This let me test fit the track and check its length. It turns out the fit is perfect with good track tension. So finally I figure that once the tracks are done, I will make rapid progress on this build. Major assembly is done with only pioneer tools and some lights and periscopes to attach. The undersides and all wheel assemblies have been pre-painted in Tamiya OD and the rubber on the road wheels has also been painted. I may still do a Korean War diorama with this one including my M-26 Pershing. I finally found a picture of the Easy Eight and Pershing together in the same battle space – something that eluded me earlier.

    To sum up, I hope this build journal will be of some help to those struggling with link by link track builds – perseverance and careful test fitting is the key. Comments welcome.

  • Spiros Pendedekas said 5 months, 2 weeks ago:

    Hi Colin @coling!
    Man, have you been busy? All this work for the trucks!
    It pays off, though, as your Sherman comes along beautifully!

  • Erik Gjørup said 5 months, 2 weeks ago:

    Sounds like the tracks are good value in parts terms!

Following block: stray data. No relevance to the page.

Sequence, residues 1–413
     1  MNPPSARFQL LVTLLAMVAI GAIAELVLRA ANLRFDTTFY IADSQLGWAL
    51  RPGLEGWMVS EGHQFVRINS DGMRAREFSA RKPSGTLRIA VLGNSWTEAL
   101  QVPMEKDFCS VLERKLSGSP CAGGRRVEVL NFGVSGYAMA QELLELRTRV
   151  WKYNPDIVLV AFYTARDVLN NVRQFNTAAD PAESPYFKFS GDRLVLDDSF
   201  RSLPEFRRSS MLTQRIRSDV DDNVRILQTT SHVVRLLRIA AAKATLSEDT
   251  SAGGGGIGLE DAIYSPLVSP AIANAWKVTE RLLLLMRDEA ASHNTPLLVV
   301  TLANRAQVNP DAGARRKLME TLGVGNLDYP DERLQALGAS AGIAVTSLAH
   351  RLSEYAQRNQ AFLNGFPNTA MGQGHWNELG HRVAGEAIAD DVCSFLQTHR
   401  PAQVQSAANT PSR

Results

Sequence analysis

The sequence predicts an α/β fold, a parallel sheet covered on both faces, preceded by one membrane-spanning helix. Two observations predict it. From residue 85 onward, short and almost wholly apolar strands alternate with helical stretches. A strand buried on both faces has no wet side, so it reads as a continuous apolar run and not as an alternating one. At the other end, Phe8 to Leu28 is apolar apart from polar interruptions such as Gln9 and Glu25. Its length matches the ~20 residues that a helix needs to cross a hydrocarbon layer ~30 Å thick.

• Colin Gomez said 4 months, 3 weeks ago:

    Thanks for dropping by on this build, Spiros. Yes I have been busy. I hope to complete some projects soon.

    Thanks for your comment, Erik. Yes, ha ha, the tracks are good dollar value for the parts – kind of like a complex jigsaw puzzle if that is what a modeler is going for.

    Here is an update on the tracks. They are now installed to check alignment of small parts. I think they look OK and are authentic enough looking before painting and weathering. I was concerned about the stiff styrene plates over the stretchy rubber track but they seem to line up well under tension.

    The track tension also looks good tom me and guide horns line up well.

    I had to glue the moving parts of the front and rear bogies together to keep the suspension from folding up under tension. I left the middle section flexible, though. What do you think? Comments welcome.